First of all, I had a baby last week. Pretty exciting, huh? I’m happy about it. I was in a bit of pain during the pregnancy, so it is nice to have the baby here, finally.
Included in all of the fun of post-partum is the insane hormonal fluctuations. For me, these ups and downs are usually triggered by worries about the future or past.
A few days ago, I had a flash of a realization. All of my kids will no longer be kids or babies, but will soon be tested. Okay, I already knew that. But this time, when I thought of it, I was overwhelmed with fear – for them. Would they choose the right? Would they choose to be happy? Will I have taught them enough? If I have taught them enough will they trust me and trust the Lord or will they rebel? What kind of temptations will they face? etc… (oh, and I may or may have been crying a little bit…yay baby-blues… 😉 )
Of course, even when our thoughts/fears are relatively irrational, it is nice to know that the Lord will still comfort us. I had given up worrying about the future – mainly because the crazy hormonally-driven-worry-state had passed…I had gotten sleep and some food – that usually does the trick for me. I had even forgotten about this little episode.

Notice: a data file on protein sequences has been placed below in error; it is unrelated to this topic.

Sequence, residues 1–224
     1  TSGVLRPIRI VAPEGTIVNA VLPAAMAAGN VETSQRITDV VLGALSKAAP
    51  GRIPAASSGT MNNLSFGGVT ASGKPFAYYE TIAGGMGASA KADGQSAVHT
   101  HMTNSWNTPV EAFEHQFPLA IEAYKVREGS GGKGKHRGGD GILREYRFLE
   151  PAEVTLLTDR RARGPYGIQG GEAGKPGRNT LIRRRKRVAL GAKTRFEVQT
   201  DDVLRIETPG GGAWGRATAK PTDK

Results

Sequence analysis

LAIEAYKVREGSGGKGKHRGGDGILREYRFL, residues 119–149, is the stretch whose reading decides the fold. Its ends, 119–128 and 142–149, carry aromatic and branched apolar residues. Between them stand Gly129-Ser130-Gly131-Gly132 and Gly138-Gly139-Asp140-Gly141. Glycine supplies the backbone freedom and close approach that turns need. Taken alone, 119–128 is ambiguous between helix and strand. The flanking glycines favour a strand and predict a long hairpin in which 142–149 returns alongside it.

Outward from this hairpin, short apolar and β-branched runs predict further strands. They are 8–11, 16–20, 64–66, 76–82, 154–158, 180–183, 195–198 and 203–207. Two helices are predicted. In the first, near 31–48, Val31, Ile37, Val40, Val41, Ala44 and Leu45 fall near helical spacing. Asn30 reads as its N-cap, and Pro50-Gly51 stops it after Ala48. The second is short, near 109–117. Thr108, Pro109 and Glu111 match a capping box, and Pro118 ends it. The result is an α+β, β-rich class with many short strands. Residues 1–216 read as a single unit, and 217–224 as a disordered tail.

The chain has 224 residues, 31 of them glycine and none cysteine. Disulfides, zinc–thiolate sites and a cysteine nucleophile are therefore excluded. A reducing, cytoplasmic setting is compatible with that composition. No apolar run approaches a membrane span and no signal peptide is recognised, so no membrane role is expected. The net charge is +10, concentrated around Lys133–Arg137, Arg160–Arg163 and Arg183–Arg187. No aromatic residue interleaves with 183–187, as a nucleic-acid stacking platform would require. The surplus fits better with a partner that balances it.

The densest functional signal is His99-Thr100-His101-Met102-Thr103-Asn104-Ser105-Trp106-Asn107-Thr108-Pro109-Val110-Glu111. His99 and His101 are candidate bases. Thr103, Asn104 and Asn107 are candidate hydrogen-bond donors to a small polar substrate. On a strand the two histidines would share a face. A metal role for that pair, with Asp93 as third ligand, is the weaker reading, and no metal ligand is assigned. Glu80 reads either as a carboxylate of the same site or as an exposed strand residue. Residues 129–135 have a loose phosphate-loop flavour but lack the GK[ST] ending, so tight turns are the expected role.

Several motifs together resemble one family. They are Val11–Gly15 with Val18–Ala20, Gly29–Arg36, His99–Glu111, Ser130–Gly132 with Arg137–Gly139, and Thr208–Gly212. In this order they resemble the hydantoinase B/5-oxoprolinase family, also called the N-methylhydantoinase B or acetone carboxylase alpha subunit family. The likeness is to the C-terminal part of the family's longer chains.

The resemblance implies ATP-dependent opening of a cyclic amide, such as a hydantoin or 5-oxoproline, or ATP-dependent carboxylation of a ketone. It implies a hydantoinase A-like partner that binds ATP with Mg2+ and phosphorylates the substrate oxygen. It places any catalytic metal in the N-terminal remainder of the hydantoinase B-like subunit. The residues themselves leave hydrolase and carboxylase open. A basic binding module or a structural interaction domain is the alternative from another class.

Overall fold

Then, yesterday, I ran across the following scripture:
“21 And now as I said concerning faith—faith is not to have a perfect knowledge of things; therefore if ye have faith ye hope for things which are not seen, which are true.” – Alma 32:21
As I grew up Mormon, I’m quite familiar with this scripture. However, It came across differently yesterday. I felt assured and peaceful. I remembered that faith is not fear. Instead of worrying about potential problems that my children will face, I need to go forward with faith and hope.
As I think about this, I realize, faith needs to be a hope for things that aren’t seen which are true. So, instead of thinking, “Oh…everything will be okay. They will overcome their challenges.” I need to focus on what I know to be true. I can’t say how my children will choose to exercise their agency, but I can put my faith in something that is true.
Ways to exercise my faith (instead of fear)
- I can have faith in family prayer. I know that it unites our family. I know that it has brought peace and power into our home. I know that if I continue with family prayer, the experience will be worth more than all of the “sermons” I ever give my children. I know that they will gain confidence as they hear me express my love for them to Heavenly Father. And, even if they don’t develop their own testimonies of prayer, I can have comfort in the fact that I’ve brought the spirit into our home through prayer, and that they know that I have a testimony.